With its huge lake (25 miles long) and majestic mountains as a backdrop, Coeur d’Alene is a picturesque town with an abundance of small town charm that has attracted big buck retailers. Hakimeh finally hit pay dirt.

 

After several discussions with business owners and members of the local Chamber of Commerce, Hakimeh was convinced that Coeur d’Alene was the first town to make his short list. Grand scenery, a thriving retail environment and an active community calendar full of events and attractions made the Idaho town an easy top pick.

 

Coeur d’Alene, ID.

 

From Idaho’s panhandle in the north, Hakimeh traveled a short distance west to Spokane, WA. Although Hakimeh didn’t have any strong feelings about Spokane either way, he quickly discovered that many people from there drove 30 miles to spend their money in Coeur d’Alene – another “pro” in the Coeur d’Alene list.

 

Hakimeh then headed to Oregon with his first stop in Portland, where a friend set up shop years ago. Encouraged by the strong arts community and steady business, Portland made Hakimeh’s “yes” list.

 

With time running out, Hakimeh made two additional stops in Oregon, one in Ashland and the other in Cannon Beach. He spent a night in Ashland and liked the small town’s vibrant creative community, with its six-month long Shakespeare Festival. But many of the artists Hakimeh sells were already being sold by existing shops. That left Cannon Beach.

 

Similar to Idaho’s Coeur d’Alene, Cannon Beach is blessed with much natural beauty. Coastlines and mountains make it an attractive destination. The many “village type” stores and the beauty of the town placed Cannon Beach on Hakimeh’s number two spot after Coeur d’Alene.

 

Cannon Beach, OR.

 

The final stop on his journey was Cambia, CA. Home to the Hearst Castle, the California city had many pros to it, with its coastlines, parks, quaint lighthouses and distinctive shops, but once again merchants in the area had a similar mix of merchandise of jewelry and art.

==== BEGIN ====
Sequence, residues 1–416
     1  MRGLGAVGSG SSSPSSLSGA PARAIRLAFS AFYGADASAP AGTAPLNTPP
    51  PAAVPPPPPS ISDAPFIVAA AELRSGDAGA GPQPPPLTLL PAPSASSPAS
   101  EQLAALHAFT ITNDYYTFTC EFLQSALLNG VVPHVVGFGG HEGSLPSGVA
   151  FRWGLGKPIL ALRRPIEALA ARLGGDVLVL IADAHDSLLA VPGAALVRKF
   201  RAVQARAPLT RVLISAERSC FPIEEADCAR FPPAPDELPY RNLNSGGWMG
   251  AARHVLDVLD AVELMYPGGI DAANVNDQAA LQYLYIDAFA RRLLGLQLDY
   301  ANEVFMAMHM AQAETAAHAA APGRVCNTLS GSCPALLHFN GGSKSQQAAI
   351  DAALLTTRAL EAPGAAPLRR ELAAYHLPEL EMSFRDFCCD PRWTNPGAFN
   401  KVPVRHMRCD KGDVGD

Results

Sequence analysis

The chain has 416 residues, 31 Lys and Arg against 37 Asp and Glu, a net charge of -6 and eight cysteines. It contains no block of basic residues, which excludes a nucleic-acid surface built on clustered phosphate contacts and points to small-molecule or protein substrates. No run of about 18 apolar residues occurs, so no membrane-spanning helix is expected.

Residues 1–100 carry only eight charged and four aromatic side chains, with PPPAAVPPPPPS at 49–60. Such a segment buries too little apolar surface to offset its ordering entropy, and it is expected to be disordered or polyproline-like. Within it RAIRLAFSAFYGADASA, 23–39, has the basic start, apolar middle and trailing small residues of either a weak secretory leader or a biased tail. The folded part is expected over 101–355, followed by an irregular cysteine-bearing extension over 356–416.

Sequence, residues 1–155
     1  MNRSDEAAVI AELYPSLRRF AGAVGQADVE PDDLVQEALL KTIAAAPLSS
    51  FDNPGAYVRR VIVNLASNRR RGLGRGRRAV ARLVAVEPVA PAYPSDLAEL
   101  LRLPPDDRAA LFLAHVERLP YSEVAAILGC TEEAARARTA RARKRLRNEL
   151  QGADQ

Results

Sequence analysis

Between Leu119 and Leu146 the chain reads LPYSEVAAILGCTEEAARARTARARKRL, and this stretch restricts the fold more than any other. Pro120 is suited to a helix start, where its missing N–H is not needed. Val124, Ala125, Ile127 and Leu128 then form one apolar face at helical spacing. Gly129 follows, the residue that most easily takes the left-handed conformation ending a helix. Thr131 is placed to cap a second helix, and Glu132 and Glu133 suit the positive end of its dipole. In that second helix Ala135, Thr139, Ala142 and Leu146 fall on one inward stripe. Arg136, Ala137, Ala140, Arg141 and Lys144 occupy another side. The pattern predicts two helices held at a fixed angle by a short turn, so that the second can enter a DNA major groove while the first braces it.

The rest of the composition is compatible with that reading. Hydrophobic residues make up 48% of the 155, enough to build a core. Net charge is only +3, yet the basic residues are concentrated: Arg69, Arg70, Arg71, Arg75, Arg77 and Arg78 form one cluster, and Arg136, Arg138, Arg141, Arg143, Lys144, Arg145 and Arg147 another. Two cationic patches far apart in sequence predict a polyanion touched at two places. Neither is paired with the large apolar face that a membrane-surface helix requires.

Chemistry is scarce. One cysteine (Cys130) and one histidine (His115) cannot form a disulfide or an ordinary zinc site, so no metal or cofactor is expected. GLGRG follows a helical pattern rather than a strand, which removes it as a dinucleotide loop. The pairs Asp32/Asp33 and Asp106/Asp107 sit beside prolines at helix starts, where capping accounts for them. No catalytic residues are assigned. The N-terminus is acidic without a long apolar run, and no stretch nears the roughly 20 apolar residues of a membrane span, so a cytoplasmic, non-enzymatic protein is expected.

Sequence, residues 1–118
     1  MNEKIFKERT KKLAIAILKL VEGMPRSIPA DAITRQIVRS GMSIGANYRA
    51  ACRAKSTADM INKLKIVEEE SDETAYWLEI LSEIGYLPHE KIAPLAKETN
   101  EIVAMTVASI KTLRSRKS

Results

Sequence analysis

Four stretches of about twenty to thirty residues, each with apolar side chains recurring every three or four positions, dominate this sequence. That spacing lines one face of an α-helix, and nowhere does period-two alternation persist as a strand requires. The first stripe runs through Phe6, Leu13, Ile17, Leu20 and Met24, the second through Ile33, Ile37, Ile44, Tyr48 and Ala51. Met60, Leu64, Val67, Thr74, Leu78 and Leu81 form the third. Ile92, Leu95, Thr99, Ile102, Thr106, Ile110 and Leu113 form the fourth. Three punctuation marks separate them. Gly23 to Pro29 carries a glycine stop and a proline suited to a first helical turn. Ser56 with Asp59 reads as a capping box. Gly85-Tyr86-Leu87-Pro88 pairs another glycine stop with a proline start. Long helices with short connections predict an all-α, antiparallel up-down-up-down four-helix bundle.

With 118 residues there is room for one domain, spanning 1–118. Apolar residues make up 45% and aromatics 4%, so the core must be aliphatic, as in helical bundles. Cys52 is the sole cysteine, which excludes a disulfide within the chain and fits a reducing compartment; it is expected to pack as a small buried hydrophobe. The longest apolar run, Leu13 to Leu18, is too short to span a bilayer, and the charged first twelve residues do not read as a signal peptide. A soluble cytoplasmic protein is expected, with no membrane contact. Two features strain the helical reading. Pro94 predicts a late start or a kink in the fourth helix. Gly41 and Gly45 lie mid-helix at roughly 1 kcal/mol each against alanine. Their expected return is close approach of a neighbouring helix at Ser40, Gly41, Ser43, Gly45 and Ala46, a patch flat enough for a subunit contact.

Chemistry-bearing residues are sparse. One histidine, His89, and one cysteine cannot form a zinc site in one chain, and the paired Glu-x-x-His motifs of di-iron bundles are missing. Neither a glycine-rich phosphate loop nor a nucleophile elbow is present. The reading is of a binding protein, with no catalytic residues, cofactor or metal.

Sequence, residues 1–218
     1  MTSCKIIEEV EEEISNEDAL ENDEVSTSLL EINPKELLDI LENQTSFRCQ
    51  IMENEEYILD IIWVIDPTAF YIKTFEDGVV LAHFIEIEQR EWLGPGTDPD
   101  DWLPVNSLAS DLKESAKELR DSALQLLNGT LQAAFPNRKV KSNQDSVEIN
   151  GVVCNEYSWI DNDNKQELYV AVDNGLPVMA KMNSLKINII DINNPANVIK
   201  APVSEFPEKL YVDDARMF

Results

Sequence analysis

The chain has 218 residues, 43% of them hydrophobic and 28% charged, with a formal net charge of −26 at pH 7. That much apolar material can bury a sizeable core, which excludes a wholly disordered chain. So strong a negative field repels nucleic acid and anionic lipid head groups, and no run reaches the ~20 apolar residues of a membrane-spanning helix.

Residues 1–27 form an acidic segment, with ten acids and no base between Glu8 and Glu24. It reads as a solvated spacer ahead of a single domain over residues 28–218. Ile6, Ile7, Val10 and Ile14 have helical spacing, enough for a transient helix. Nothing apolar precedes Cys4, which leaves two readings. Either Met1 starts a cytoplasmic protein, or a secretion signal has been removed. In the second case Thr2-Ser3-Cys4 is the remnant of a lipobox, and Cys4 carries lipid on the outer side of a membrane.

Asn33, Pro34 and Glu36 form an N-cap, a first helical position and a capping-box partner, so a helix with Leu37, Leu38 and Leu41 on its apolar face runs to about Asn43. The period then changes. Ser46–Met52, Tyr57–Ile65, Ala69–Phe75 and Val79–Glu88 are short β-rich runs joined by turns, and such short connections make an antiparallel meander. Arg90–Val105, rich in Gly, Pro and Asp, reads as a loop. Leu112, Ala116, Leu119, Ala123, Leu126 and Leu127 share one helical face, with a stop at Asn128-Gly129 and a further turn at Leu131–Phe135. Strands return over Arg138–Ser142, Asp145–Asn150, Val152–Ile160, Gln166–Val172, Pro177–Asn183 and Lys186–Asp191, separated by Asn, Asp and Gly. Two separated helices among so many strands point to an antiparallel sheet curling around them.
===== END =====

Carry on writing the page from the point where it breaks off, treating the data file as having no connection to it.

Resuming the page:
Hakimeh returned to Scottsdale in late July with Coeur d’Alene, Idaho, and Cannon Beach, Oregon, as his top two choices for a possible relocation. In looking back on the two-week journey, Hakimeh had much information to share with his family regarding relocation options. Although Hakimeh’s journey got off to a bumpy start, the final stages of his search for a new place to sell fine jewelry and fine art offered the retailer some encouragement in uncertain economic times.

 

One thing Hakimeh does know for sure at this stage of his retailing career, staying in Scottsdale isn’t advancing his business as sales continue to decline. The 4,500 mile road trip may or may not result in a move to Idaho or Oregon. But at least he took the time to get away from his store, think about his business model and give serious thought as to where he could prosper, not when.

 

This proactive approach may not be for everyone, but Hakimeh isn’t the only retail jeweler to step away from his store to think of ways to improve on a business model with the eventual goal of being a better retailer. And, at the very least, lots of drive time gave Hakimeh plenty of time to think about what’s on the road ahead.